Solution to Min-Max-Division by codility

6 Apr


Question Name: Min-Max-Division or MinMaxDivision

Logically, it seems to be similar with the boron2013 (Flags) challenge by Codility. And the following is my Python solution.

UPDATE – 2014/09/19: thanks to Martin Kysel. The function signature is changed to:
def solution(K, M, A):
Don’t be confused by the new parameter M. Ignore the M, use the original solution, and you will pass all the test.

In addition, thanks to @Guillermo (StackOverflow Profile), here is the C++ solution from @Guillermo, which inspired me. Thanks again for his sharing!

14 thoughts on “Solution to Min-Max-Division by codility

  1. Java solution, greedy checking :

  2. I’m confused regarding the time complexity. Why is the time complexity O(N*log(N+M)) instead of O(N*log(N*M))? The upper bound of the binary search is equal to the sum of the elements in A, which is at most N*M.

    • Yes, you are right. The complexity is not exactly O(N*log(N+M)). O(N*log(N*M)) = O(N*(log(N) + log(M))). Therefore, when N is close to M, O(N*log(N*M)) is the same as O(N*log(N+M)). In generaly case, I do not know the answer.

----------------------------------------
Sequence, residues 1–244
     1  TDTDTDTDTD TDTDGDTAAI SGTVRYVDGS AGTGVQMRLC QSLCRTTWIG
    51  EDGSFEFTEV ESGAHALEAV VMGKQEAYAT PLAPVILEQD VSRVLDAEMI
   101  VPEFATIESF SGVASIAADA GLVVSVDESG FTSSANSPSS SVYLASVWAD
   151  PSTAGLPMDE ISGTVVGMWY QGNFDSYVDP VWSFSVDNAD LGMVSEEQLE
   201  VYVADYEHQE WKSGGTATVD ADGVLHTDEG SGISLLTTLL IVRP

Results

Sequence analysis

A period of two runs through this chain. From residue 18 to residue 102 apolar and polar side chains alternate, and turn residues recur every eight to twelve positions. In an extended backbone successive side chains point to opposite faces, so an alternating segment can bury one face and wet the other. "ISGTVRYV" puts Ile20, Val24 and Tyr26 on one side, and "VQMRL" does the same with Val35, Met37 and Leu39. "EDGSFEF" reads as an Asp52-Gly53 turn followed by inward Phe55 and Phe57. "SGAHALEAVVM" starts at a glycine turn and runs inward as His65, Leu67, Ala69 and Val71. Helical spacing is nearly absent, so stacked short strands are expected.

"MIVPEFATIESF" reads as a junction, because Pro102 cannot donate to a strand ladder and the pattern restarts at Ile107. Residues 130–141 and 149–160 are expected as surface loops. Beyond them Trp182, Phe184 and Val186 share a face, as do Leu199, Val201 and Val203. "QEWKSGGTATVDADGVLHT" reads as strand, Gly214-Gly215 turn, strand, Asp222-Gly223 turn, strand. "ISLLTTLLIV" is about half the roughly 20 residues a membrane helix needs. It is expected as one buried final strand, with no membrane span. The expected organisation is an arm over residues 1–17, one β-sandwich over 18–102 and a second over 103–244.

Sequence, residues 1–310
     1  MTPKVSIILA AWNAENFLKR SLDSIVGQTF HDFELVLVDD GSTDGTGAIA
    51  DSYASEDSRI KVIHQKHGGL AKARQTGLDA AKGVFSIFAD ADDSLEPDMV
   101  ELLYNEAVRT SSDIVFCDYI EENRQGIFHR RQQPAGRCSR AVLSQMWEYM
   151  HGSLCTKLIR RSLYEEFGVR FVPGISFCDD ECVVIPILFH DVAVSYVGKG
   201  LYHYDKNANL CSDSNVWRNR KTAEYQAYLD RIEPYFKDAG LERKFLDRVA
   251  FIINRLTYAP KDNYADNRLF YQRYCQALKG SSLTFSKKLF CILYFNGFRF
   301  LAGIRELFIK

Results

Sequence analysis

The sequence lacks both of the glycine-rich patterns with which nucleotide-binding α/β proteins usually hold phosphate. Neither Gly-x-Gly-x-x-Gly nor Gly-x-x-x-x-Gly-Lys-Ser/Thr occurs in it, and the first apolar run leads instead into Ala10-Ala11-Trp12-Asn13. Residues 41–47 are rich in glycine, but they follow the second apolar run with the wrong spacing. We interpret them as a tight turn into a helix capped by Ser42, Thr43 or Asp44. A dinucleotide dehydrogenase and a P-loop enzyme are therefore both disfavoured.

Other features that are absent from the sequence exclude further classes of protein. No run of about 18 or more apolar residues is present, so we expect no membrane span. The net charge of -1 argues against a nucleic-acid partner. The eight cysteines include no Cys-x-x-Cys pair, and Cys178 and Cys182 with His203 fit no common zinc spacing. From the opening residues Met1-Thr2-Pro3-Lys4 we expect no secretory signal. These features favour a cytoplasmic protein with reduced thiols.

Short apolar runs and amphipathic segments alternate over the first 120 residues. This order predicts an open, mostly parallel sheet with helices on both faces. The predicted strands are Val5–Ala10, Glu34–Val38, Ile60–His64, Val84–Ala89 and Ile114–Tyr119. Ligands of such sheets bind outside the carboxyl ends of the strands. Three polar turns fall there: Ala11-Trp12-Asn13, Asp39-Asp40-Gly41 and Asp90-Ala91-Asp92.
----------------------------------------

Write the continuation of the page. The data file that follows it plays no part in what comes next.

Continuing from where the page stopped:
3. Thank you very much for your solution. Really enlightening 🙂

    Here’s the Java version of your Python solution:

  4. What is throwing me off is that the exercise is asking for “expected worst-case time complexity is O(N*log(N+M))”

    If I’m reading your solution correctly you’re first looping through all the elements followed by the binary search section. Isn’t that O(n) + log(n+m) ?

    • You are partly right. The binary search at #37 is inside the while loop around #35: so the complexity is O(N) * O(log(N+M)) = O(N*log(N+M)).

  5. I was tricked by M…”no greater than M” made me made the assumption that the largest element in the array must be M, which is not true, well, at least in Codility test cases. I got 43% just because of failing to recognize this “fact”…
    If we consider the smallest max as a monotonic sequence, the lower bound of the sequence is the largest element in the array, and the higher bound is the sum of all elements. Then we choose the possible “smallest max” at the middle of the sequence and always greedily drops half of of the sequence by comparing the number of partitions based upon current “smallest max” with the proposed K. If our partition L is less than K, we probably can find a even smaller “smallest max” by dropping the lager half of the sequence, otherwise, drop the smaller half…

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